Excellent piece Simon, thank you for speaking out against the collectivist use of the term “we” in discussing public policy. I talk about this frequently, in the context of the under-recognized evil of nationalism. People often say “we” or “us” when what they really mean is “the U.S. government”, or to be more technical about it, “the organization claiming primary jurisdiction over that part of the earth’s surface commonly known as the United States”. 

    Nationalism is like racism, except that instead of judging people based on their skin color, it judges them based on where they were born. Governments have no right to discriminate on the basis of nationality. This bigotry needs to stop.

    • SueQuade

      Too late.

  • Loganv

    Two Thoughts:
    – As I was taught in the US Army (a wonderful school for effective thinking up to the platoon level):  What We?  You got a mouse in your pocket?  _You_ do things!
    – You came close with the “People will either
    see the light for themselves, or they’ll become victims” line.  Many times folks will see the light with a little help.  Past a little help you hit diminishing returns fast.  People have an almost limitless capacity for self-deception.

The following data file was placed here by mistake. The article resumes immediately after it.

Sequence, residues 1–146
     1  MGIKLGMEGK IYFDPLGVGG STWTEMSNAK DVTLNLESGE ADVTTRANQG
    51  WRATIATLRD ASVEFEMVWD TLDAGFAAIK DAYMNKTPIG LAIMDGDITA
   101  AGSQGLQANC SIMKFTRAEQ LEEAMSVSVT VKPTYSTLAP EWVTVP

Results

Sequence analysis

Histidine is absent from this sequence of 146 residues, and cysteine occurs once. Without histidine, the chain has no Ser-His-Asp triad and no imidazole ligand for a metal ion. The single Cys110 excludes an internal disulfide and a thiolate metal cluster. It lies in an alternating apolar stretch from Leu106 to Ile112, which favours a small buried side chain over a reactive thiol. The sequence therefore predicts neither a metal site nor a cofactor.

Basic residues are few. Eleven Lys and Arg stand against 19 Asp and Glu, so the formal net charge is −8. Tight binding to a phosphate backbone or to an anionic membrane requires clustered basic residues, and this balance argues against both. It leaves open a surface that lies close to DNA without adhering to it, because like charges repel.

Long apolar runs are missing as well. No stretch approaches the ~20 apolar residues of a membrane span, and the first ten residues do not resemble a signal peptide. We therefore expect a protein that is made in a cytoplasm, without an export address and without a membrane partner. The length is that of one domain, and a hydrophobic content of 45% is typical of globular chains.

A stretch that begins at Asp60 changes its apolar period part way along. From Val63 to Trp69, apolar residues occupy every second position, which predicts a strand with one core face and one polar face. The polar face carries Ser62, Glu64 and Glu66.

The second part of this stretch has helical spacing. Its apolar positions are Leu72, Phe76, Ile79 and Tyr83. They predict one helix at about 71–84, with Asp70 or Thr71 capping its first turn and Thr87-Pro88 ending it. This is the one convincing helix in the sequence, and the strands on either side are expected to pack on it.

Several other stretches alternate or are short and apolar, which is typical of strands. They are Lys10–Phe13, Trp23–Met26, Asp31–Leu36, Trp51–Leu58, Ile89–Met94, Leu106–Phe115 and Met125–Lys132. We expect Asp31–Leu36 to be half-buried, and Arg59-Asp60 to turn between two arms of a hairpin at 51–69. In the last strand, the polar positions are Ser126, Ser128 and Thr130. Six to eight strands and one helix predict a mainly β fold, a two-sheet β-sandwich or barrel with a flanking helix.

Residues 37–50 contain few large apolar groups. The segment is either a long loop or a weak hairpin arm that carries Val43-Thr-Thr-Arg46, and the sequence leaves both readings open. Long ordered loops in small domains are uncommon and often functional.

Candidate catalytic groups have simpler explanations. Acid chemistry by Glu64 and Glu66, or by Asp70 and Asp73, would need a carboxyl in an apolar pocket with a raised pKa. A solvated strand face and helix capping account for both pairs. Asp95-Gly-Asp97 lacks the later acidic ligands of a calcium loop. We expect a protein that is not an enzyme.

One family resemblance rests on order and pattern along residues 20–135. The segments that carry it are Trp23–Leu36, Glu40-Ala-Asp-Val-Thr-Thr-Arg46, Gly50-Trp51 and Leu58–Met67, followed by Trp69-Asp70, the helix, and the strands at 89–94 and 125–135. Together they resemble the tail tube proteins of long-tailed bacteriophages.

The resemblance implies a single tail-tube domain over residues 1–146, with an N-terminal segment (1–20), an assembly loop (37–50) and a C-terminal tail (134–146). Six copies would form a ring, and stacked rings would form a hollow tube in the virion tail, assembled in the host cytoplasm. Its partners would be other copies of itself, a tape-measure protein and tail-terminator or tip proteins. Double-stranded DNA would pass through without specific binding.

• http://profile.yahoo.com/3FFSYOTXPMYXQCADUUCWVZBX2E richard wizardry

     

    I agree with Simon. It is not the government’s job to tell
    us what we can do with and put in our bodies whether it may be harmful or not.
    I never gave up the sovereign rights to my body to any government and no
    employer has the right for drug testing, if you are screwing up on the job fire
    the person or offer rehab. It is another way that insurance companies are